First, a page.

Re: archivalness of gum
If you faced a charcoal or graphite drawing with a piece of paper, a
small amount of the charcoal would come off onto the facing paper
too, but that wouldn't make the charcoal any less archival in and of
itself, it just means you want to be sure to frame it so that it
doesn't rub off on anything. I'm not sure I understand why the fact
that a small portion of the metal that comprises a platinum print
could rub off on something else detracts from its archivality. Is
it likely to lose enough metal from the surface to actually degrade
On Dec 20, 2007, at 7:53 PM, Diana Bloomfield wrote:
Well, that's where you and I differ (the belief that carbon and gum
is the most archival-- instead of platinum). :) Honestly, today
is the first time I've ever heard the news that platinum isn't the
most archival. That said, the "ghosting" that you and Sandy both
mentioned-- I'm curious-- how much time does that take to occur (a
week? decades?), and under what type of circumstances, or does
that not matter? I'm also curious -- did your curator mention what
he/she believed to be the most archival?
On Dec 20, 2007, at 10:26 PM, Christina Z. Anderson wrote:
Judy, Gawain,Diane, etc.
Diane--platinum ghosts onto paper it is in contact with so it
loses some of its precious metal in storage I remember Dusan
Stulik telling us/showing us at an APIS. In fact, this is a method
to determine whether a print is a platinum one or not.
I was always under the assumption that carbon and gum were THE
most archival of all processes. That is why this curator's
comment surprised me so much. I have yet to come across any
discussion of degradation of gum prints except for the one article
talking about the fading of the dichromate image within the gum
print. This can be easily demoed by leaving a gum print in the
sun for an afternoon, half covered by something for comparison's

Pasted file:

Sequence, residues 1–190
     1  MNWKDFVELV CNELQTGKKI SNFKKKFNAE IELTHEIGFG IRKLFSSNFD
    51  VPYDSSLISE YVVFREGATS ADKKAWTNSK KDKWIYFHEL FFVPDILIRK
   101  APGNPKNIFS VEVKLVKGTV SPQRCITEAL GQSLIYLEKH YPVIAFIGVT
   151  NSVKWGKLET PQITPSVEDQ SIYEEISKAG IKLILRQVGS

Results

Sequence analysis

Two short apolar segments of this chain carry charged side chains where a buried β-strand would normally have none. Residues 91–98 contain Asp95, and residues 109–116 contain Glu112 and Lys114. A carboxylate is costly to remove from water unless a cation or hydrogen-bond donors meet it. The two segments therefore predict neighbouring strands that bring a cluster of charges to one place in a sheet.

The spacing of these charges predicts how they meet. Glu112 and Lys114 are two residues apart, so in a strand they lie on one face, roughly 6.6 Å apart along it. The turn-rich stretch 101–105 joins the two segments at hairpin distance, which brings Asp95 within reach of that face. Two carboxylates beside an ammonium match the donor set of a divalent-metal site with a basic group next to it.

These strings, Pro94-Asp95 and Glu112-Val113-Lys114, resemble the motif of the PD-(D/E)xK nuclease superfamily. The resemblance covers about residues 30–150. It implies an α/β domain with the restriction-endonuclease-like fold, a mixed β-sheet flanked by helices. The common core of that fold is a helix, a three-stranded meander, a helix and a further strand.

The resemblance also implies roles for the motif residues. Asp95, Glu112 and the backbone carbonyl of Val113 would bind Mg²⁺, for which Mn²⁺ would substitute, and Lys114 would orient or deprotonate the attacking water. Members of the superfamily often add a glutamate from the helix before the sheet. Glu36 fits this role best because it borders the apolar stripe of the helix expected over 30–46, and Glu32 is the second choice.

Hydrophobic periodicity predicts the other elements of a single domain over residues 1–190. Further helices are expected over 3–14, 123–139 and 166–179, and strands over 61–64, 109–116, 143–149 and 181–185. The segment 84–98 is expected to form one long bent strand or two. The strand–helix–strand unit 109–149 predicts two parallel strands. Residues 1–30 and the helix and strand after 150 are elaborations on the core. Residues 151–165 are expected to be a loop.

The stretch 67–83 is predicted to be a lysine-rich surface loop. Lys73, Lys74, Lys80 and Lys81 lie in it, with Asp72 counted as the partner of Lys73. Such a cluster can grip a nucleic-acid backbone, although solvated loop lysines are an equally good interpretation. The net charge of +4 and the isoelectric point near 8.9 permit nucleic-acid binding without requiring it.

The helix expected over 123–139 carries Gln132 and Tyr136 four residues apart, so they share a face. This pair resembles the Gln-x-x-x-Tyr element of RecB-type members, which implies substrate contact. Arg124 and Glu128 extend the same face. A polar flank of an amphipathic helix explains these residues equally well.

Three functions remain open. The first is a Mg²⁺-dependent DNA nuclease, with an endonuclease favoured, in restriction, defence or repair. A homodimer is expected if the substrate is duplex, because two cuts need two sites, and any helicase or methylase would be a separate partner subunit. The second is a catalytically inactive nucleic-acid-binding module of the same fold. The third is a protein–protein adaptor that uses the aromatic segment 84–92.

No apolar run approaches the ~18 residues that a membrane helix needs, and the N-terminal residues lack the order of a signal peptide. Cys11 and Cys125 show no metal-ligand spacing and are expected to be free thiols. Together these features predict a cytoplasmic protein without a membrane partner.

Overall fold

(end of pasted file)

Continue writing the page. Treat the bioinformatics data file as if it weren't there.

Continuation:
Judy, gum over platinum has been done since 1902, invented by
Herbert Silberer, an Austrian.
Holland Day did it as did quite a few other Americans, and I have
never heard that wasn't archival either. In fact, one author said
the French were known for one coat gums, the Germans for multiple
coat gums, and the Americans for gum over platinum.
Gawain, I have seen some original Kuhn's at A Gallery of Fine
Photography that were perfect, and just hanging on the walls there
like no big deal. He was a master printer of the multiple gum, as
was Demachy...but the bug thing has got to be an issue and I
wonder if use of formaldehyde for hardening gelatin gives the
benefit of preserving it from bugs...oh, the cracking in the dark
thing...I wonder if sizing would contribute to that phenomenon?
So what I have deduced, after this discussion to date, is gum is
what I think it is and I wasn't whistling Dixie. I wonder if
Wilhelm has studied gum stability???
And also, by the way, gum over platinum is an historic process -- if
memory serves (which I can't promise, MEMORY is NOT archival) Paul
Anderson (heh heh) did it, but also I think Heinrich Kuhn, among
believe it was fairly well known... Then again there were many
"platinum" including a commercial "platinum paper" -- who was the
Englishman who swore he'd stop photographing when that paper was
discontinued? He had the same name as a photo historian or other
but ... as noted, this memory is not archival.